Announcing Open Society Institute West Africa (OSIWA) joining the hub fund


There’s a fair few funders out there that recognise the role of mobile and web technology in addressing social issues and this work is starting to become more widely supported.  At Indigo Trust, we believe that the best solutions to a given country’s challenges will be devised locally and for this to happen, there needs to be support for the wider ecosystem which fosters this.

IMG_20151001_125530It is largely for this reason, that we created a fund for technology innovation spaces in Sub-Saharan Africa.  These spaces provide state of the art facilities, networking opportunities, mentoring, events and training that help to strengthen tech communities in country and support them to develop social tech solutions or commercial businesses.  Their co-working spaces, social events and welcoming environments also encourage collaboration and the co-creation of ideas.  We believe we need to support these spaces to create an enabling environment for tech entrepreneurs across the continent and to encourage local innovation.

We’re delighted to announce that Open Society Institute West Africa (OSIWA) has been forward thinking enough to recognise the value of supporting these spaces.  They’ve granted us $75,000, of which $45,000 will be re-granted to technology innovation hubs in West Africa to support both their core costs and programmatic activities.  $20,000 will provide seed funding to newer spaces in West Africa for similar activities.

Both Indigo and OSIWA are interested in supporting the building, upskilling and strengthening of technology communities across the continent.  We’re also interested in how technologists can work with a diverse set of players such as activists, civil society, the corporate and public sector to tackle social challenges in novel ways.  Some hubs are already running activities to support this.  We are also particularly interested in how core and seed funding, as opposed to project funding frees creativity and innovation in a different way and helps the spaces grow more organically.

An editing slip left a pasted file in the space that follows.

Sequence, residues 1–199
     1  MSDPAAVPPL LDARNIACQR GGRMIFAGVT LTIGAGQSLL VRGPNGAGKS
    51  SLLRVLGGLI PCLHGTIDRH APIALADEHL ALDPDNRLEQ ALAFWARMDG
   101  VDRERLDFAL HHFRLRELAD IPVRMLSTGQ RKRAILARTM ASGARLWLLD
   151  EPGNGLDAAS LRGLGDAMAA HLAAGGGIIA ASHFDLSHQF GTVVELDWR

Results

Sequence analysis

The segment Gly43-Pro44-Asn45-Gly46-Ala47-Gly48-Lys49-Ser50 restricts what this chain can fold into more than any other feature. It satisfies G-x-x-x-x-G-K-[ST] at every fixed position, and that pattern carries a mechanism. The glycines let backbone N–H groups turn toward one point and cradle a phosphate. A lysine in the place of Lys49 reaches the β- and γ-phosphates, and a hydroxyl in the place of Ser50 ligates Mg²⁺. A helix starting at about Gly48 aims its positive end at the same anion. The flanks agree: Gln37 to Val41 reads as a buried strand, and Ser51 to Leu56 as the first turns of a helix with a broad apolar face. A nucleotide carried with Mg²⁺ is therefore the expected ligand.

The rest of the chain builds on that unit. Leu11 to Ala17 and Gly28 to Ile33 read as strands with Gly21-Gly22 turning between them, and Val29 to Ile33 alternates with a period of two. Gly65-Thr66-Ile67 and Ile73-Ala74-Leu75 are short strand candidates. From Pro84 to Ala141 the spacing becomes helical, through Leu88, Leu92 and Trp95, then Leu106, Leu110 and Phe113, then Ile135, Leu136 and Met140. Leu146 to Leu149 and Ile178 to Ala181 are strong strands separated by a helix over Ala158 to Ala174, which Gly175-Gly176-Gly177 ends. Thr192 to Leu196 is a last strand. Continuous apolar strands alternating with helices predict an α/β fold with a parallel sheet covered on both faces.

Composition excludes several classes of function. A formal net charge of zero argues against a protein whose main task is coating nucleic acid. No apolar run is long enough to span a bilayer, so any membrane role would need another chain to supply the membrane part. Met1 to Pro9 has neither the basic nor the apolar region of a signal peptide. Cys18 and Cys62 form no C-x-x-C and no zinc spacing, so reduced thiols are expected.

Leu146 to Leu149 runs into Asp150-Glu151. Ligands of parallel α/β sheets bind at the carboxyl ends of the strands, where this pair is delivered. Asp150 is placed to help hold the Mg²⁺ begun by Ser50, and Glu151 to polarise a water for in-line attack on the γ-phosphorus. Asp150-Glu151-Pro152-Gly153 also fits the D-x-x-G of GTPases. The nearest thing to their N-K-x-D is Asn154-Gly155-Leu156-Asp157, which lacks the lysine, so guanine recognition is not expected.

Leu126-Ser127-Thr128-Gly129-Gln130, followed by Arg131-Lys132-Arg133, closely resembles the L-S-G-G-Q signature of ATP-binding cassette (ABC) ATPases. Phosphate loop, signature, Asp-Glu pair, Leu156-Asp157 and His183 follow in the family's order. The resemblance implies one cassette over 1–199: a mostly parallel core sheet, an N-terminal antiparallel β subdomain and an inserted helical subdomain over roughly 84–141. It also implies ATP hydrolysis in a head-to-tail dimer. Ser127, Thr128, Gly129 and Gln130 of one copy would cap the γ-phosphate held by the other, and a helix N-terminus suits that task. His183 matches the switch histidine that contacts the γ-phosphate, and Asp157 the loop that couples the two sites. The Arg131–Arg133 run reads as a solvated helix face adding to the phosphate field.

We’re excited to see how our joint efforts can help support the small, but growing tech sectors in a range of countries across Africa.  The tech entrepreneurial communities dramatically vary in size, connectedness and maturity from country to country and the fund aims to take this in consideration when developing plans with each individual space.  Some are focusing on community building and skills advancement, while others are already supporting successful social projects and commercial start-ups.  In the long-term, we hope that these spaces will have a catalytic effect in sparking the use of mobile and web technology to address social and civic challenges, and substantially build the agency of young women and men on the continent.

Watch this space for announcements on which spaces we’ve chosen to support and to learn more about how they plan to spend their grants.